There are lots of different styles and forms of improvisation (as you already know) and one of those is telling a linear story. I’m certainly not the voice of narrative improv, being more Del Close in my schooling than Keith Johnstone, but I love and use narrative in some of the shows I perform. Without getting too bogged down in the Hero’s Journey and hitting story structure hard, you can use simple approaches in your improv show to create a narrative where you aren’t furiously trying to remember a lot of information or awkwardly struggling to tie everything up in the last five minutes.
1. Tell one story
It’s very tempting to have an A, B and sometimes a C story when you get excited. You can enjoy other characters you meet along the way without having to tell their individual stories too.
2. Make or discover your protagonist
The easiest way to keep it simple and tell one story is to make a that story fits around one character. Make it very clear who that character is and follow them. Maybe put them in every scene just to be sure.
3. Find a want for your protagonist
An emotional need gives us a very clear route through any story. Even if it's a physical object they want, there will be an emotional reason for the desire. What they are searching for will lead them to people and places.
4. Do it now
It feels like it would be fun to save the Prom or the Explosion or Getting the Diamond for the end of the show, but why do filler for 40 minutes and hope everyone else is on the same page for the ending? Do it now. Have the Prom in scene two and see what happens afterwards.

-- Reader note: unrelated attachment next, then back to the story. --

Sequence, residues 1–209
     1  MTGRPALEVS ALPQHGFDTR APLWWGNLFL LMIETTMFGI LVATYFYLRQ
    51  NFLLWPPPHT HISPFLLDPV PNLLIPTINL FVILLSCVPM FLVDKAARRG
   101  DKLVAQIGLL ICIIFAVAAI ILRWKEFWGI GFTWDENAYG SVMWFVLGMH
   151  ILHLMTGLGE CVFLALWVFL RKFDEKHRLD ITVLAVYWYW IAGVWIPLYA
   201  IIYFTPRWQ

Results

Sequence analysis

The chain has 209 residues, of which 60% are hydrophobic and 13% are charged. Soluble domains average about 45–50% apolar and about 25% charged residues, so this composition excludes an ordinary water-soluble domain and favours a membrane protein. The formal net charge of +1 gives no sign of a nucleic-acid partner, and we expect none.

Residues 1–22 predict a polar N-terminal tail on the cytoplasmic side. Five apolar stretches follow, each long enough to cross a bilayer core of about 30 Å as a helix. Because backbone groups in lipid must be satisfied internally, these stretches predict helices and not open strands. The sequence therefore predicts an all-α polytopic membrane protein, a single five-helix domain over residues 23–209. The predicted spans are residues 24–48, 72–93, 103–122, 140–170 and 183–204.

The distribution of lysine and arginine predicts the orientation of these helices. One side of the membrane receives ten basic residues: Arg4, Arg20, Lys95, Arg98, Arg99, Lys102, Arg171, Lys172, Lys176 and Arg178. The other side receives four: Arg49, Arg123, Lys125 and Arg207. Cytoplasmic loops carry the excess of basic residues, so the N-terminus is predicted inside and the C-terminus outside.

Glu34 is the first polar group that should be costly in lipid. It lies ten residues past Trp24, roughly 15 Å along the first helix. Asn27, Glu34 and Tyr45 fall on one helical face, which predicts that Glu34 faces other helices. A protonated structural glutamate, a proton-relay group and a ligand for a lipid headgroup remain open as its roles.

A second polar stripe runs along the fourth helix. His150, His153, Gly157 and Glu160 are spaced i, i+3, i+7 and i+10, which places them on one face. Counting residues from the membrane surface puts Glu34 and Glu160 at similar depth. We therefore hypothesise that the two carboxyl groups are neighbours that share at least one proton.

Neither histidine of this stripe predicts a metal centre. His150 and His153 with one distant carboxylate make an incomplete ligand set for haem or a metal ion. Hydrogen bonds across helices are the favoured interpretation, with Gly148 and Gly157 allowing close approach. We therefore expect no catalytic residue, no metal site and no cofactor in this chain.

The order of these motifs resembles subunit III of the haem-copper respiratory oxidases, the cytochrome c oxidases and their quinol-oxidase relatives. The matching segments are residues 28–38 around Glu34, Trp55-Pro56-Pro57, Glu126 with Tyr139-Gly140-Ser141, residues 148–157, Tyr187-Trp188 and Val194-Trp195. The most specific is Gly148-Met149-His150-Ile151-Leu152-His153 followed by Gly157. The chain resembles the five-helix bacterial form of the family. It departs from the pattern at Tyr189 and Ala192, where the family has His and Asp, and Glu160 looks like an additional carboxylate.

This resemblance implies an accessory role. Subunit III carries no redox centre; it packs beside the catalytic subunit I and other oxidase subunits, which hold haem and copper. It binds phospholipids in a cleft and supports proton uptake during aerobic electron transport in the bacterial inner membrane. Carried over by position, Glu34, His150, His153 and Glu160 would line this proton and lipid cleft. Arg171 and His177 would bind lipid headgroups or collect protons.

5. Be super obvious
To avoid confusion, state what you think is true and what you think is going on. If this is your father, call him Dad a lot, if this lady seems mean; tell her that she seems really mean. Keeping secrets or being subtle about an idea will have people drawing different conclusions.
6. Start recycling half way through
Once you hit the halfway point in your story you don’t need to add anything else. Pick up any character, location, object or idea that has already been mentioned and use it again. Think of your story in the shape of a diamond; wider, wider, wider, then halfway through you make it narrower again until it all ends in one point.
7. Weird shit will happen anyway
You’re improvising, not writing, so some odd things will happen in your story even if you try hard to stop them. You really don’t need to work hard to put in strange and interesting ideas. Be obvious. Do the next most obvious thing and justify oddness when it arises organically.
8. Let it go
The story may well go in a completely different direction than you thought it might. That is GREAT. Improv is art by committee; making a collective story that any one of you couldn’t have written on your own. Relax and enjoy the new journey rather than forcing your own story agenda.
Good luck and thanks for reading!
If you do want to get nerdy about story structure, my favourite structure nerd is Dan Harmon. You can find his story structure blogs here.
My book The Improviser’s Way: A Longform Workbook will be published by Nick Hern Books later this year. To find out more and learn about my classes and shows all over the world, join my (monthly) mail out here.
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